“Preface,” Gospel Teaching and Learning: A Handbook for Teachers and Leaders in Seminaries and Institutes of Religion (2012), v–vii
“Preface,” Gospel Teaching and Learning, v–vii
“When we begin to analyze ourselves and look to improve ourselves as teachers, what better model could we find? What finer study could we undertake than to analyze our ideals and goals and methods and compare them with those of Jesus Christ?” (Boyd K. Packer, Teach Ye Diligently, rev. ed. , 22).
Reflect for a moment on what you know about the Savior. Can you see Him in your mind—with His disciples gathered around Him? Can you see Him teaching the multitudes beside the Sea of Galilee or speaking personally to the woman at the well? What do you notice about His way of teaching and leading? How did He help others learn, grow spiritually, and become converted to His gospel?
He loved them, prayed for them, and continually served them. He found opportunities to be with them and to express His love. He knew their interests, hopes, and desires and what was happening in their lives.
He knew who they were and who they could become. He found unique ways to help them learn and grow—ways meant just for them. When they struggled, He did not give up on them but continued to love them and minister to them.
He prepared Himself to teach by spending time alone in prayer and fasting. In daily, private moments, He sought His Heavenly Father’s guidance.
He used the scriptures to teach and testify about His mission. He taught people to think about scriptures for themselves and use them to find answers to their own questions. Their hearts burned within them as He taught the word of God with power and authority, and they knew for themselves that the scriptures are true.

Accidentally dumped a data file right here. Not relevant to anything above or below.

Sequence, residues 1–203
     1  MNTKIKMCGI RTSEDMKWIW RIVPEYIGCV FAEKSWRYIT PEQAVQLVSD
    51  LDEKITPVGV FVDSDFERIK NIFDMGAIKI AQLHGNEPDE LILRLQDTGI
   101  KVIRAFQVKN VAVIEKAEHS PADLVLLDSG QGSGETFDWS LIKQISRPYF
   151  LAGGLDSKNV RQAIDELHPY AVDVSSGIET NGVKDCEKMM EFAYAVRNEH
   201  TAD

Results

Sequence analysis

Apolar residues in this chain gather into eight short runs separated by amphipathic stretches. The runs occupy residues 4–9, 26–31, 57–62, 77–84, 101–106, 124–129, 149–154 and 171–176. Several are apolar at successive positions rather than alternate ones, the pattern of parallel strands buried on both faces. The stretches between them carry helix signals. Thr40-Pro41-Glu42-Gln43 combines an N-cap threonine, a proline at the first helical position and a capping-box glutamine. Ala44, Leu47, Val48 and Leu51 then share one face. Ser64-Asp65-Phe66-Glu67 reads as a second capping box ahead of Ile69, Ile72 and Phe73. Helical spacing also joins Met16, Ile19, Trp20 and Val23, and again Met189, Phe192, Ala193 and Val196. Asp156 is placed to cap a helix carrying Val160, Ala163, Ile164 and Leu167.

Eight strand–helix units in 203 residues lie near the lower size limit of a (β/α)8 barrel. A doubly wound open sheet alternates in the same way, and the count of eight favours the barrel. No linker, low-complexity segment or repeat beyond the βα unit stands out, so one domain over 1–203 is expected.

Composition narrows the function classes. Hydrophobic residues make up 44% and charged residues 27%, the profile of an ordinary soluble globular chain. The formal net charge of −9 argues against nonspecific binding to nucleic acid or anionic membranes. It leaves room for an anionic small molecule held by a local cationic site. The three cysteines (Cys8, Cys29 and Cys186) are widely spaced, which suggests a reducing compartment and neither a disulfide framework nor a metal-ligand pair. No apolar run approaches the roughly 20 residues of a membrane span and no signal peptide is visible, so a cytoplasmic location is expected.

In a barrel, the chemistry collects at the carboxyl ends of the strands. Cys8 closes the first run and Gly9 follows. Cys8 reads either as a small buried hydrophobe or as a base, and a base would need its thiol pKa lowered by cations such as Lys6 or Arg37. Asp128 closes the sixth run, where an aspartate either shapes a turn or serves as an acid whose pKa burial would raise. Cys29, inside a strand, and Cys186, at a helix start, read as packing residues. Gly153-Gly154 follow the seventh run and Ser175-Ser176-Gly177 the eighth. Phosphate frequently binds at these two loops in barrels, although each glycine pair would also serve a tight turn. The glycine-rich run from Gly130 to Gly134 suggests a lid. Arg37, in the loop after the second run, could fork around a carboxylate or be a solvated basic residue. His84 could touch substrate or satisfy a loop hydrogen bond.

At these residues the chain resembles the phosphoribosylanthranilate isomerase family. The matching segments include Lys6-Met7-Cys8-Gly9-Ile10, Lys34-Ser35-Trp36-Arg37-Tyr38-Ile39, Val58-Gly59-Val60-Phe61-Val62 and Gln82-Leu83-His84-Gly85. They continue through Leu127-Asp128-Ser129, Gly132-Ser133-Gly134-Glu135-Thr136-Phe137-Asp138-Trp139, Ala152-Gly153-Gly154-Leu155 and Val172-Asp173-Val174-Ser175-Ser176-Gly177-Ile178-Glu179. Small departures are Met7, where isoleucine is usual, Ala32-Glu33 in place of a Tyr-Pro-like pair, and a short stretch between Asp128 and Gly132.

He shared simple stories, parables, and real-life examples that made sense to them. He helped them discover gospel lessons in their own experiences and in the world around them. He spoke of fishing, of childbirth, of working in the fields. To teach about watching over each other, He told stories about rescuing lost sheep. To teach His disciples to trust Heavenly Father’s tender care, He urged them to “consider the lilies of the field.”
He asked questions that caused them to think and feel deeply. He was sincerely interested in their answers and rejoiced in their expressions of faith. He gave them opportunities to ask their own questions and share their own insights, and He responded to their questions and listened to their experiences. Because of His love, they felt safe sharing their thoughts and personal feelings.
He invited them to testify, and as they did, the Spirit touched their hearts. “Whom say ye that I am?” He asked. As Peter responded, his testimony was strengthened: “Thou art the Christ, the Son of the living God.”
He trusted them, prepared them, and gave them important responsibilities to teach, bless, and serve others. “Go ye into all the world, and preach the gospel to every creature,” He charged them. His purpose was to help them become converted through their service to others.
He invited them to act in faith and live the truths He taught. In all His teaching, He focused on helping His followers live the gospel with all their hearts. To accomplish this, He found opportunities for them to learn through powerful experiences. When He appeared to the Nephites, He invited them to come to Him one by one, that they might see, feel, and know Him for themselves. When He sensed that they did not fully understand His message, He invited them to go home and prepare themselves to come back and learn more.
In every setting, He was their example and mentor. He taught them to pray by praying with them. He taught them to love and serve by the way He loved and served them. He taught them how to teach His gospel by the way He taught it.
Clearly, the Savior’s way of teaching is different from the world’s way.
This, then, is your sacred calling—to teach as the Savior taught. As you do, the youth will give place in their hearts for the seed of the gospel to be planted, to swell, and to grow. This will lead to conversion—the ultimate goal of your teaching. As you help youth become converted, you help them prepare to follow the Savior throughout their lives—to serve missions, receive temple ordinances, raise righteous families, and build God’s kingdom in all the world.